The charges are that Pope Francis has always been to the left of politics and a typical proponent of liberation theology, the socially active theology that conservatives consider to be ‘socialist’. This alone is too much for the parade of right-wing commentators whose opinions Analysis has solicited. Pope Francis is charged with being not only a liberation theologian, but also an anti-capitalist and business doesn’t like that. Cue the list of noisy interviewees applying adjectives like ‘dangerous’ and ‘misguided’ to Francis and his every pronouncement. After a while a pattern starts to emerge and it’s a familiar one: basically he’s saying the ‘wrong’ things. The ‘right’ thing would be to support the usual PR fairy story of global ‘free trade’, the alleged force for good. A system that has given millions of Africans a mobile phone and Coca-Cola, but does next to zero to alleviate continued malnutrition, water access problems, housing and health. These are not the concern of big business, unless it involves a group of able consumers to pay for such services. Anything done not-for profit is a problem for governments and charities to struggle with.

The central complaint is that Pope Francis is not Pope John Paul II. The latter was very useful for American right-wing supporters of global corporatism because he was caught up in the struggle of Poland against the then Soviet Union and for historical reasons was an enemy of socialism. So it appeared as capitalism and the Pope (and who better as an ally?) against the wrong-headed ideas of socialism. In this scenario the Pope’s infallibility remained intact because he was saying the ‘right’ things. See how it works?

Now the pope is saying all the’ wrong’ things, he is a danger to the world and wielding dangerous power. Very soon he will make a pronouncement and release a report on climate change and this has the right-wing business elite in a complete flap. Already the conservative agenda-makers are spewing out critiques of the pope’s so-called divine infallibility all over the American infotainment circuit to fully plant the seed in the American psyche that some things the pope says might be wrong (especially if they don’t sit neatly alongside the national capitalist religion). They know the influence the pope has and fear that his pronouncements will completely contradict the machine pumping out lies that has been operated by big-business to sow confusion into the ‘debate’ around human-influenced climate problems. In the USA any pope has a lot of influence. There are many Catholics, especially among the old families traditionally powerful in business. It is historically not convenient for the usurers when a religious leader contradicts them and this is what Francis is doing, so he is not popular. Expect a lot of political grapeshot when his encyclical on the climate is issued.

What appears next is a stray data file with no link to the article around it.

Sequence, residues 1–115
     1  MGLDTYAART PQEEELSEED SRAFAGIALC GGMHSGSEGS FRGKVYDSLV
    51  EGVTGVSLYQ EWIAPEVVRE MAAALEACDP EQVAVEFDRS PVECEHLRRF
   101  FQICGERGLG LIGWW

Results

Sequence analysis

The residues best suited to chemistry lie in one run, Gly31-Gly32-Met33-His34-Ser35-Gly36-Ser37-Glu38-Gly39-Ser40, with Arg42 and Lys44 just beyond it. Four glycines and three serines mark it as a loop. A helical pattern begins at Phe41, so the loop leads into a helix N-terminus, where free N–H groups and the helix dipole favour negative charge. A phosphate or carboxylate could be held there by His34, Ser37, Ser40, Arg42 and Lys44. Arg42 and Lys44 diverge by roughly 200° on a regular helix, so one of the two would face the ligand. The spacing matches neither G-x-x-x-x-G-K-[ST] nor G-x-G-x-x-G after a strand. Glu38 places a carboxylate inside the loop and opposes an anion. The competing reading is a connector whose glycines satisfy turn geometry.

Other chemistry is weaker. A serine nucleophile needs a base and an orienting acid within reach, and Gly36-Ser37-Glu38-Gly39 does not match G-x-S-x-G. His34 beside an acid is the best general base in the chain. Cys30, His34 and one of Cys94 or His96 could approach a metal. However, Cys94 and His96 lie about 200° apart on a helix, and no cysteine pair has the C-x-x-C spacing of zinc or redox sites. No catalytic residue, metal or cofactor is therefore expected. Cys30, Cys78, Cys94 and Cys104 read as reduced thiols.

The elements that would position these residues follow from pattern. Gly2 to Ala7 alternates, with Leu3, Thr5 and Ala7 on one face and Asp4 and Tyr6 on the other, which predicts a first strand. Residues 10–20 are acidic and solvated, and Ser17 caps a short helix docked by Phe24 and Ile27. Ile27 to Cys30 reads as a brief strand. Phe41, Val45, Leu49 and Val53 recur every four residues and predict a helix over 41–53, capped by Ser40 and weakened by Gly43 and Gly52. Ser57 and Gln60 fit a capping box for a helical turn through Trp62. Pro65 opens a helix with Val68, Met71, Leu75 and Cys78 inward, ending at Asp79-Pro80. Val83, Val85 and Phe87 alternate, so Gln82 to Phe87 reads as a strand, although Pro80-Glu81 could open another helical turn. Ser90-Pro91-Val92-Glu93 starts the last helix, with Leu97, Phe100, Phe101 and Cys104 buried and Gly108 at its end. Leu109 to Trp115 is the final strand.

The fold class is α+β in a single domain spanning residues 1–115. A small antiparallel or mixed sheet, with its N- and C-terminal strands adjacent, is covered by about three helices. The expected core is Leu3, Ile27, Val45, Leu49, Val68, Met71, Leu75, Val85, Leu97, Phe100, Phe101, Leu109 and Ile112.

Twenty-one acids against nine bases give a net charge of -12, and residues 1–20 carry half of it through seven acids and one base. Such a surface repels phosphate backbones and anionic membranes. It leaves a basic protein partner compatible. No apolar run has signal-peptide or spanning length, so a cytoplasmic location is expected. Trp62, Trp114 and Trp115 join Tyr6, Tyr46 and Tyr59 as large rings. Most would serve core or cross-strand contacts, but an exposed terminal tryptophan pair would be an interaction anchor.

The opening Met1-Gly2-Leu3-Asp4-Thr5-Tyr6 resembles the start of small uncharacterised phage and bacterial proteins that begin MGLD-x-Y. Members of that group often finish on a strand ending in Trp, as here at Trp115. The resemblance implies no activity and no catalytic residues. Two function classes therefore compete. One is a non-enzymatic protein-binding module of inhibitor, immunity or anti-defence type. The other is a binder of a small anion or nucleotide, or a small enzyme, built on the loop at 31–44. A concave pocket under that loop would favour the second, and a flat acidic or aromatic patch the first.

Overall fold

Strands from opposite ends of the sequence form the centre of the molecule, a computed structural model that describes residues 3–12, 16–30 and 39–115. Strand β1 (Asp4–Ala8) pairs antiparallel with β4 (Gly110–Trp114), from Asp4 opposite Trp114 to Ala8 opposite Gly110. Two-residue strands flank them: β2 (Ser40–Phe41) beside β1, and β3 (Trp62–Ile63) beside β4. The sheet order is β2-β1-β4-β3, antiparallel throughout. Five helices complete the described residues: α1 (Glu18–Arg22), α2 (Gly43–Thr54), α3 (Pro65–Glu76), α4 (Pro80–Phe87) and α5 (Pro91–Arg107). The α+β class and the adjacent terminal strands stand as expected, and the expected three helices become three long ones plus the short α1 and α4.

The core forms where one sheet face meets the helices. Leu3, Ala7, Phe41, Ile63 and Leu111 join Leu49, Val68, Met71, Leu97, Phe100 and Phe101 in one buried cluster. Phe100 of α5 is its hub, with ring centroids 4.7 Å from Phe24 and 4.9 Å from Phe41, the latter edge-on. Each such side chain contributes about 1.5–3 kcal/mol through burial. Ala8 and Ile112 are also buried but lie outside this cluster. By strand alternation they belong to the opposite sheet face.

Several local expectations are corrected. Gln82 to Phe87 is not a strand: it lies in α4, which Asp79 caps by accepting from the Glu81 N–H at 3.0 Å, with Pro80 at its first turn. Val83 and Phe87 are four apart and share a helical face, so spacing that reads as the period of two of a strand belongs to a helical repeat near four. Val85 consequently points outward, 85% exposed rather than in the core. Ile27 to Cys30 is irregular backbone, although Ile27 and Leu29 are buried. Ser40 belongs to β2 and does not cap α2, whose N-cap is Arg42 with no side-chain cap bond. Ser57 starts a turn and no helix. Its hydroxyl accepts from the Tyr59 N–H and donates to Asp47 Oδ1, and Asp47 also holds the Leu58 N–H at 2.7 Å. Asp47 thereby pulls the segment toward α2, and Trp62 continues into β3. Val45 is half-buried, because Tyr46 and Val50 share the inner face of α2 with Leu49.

Evan Davies and other ‘economists’

Evan Davies (Wikipedia)

I’m getting rather tired of Evan Davies. When he was at Radio 4 and presenting the abomination known as Dragon’s Den, I didn’t have to listen to his irritating interview style quite so much. Since he took the main anchor position on BBC’s Newsnight, replacing the outgoing Jeremy Paxman, his profile has been raised and with it his visibility. The position now means that political interviews – much like the one-to-one leaders interviews taking place currently – are automatically given to Davies.

Several reviewers (in the Spectator, Guardian etc) have already commented upon Davies’s rather bothersome habit of asking questions and then proceeding to interrupt the answer before it has even begun; offering needless clarifications of his question. He also appears to keep a permanent grin on his face as the interviewee answers, which betrays a tone implying: I know the question is schoolboy-type philosophy and that we all know that the answer means nothing with regard to the influence it will have on an immovable political-economic policy.

Davies is one of those ‘economists’ that often seem to turn up on BBC News. Much like Stephanie Flanders (ex-Newsnight), Tim Harford and klaxon-voiced Robert Peston, he appears to sit squarely in the neo-classical tradition and often defaults to the position that despite everything there is a single economic reality and it is ‘free markets’, capitalism and everything that flows from that accepted economic paradigm. It would, of course, be unusual to see a BBC ‘economist’ taking a heterodox economic stance, which would be enough to fire up the right-wing lunatics who still believe that the Corporation is an arm of the Communist International. The default position means that when all is said and done in interviews, anyone going a little right of it (generally just being upfront about neo-classical neo-liberalism), they are ‘right-wing’and anyone inching toward social democracy is ‘far-left’ and both need to tread carefully to keep within the boundaries accepted of “economic normality”.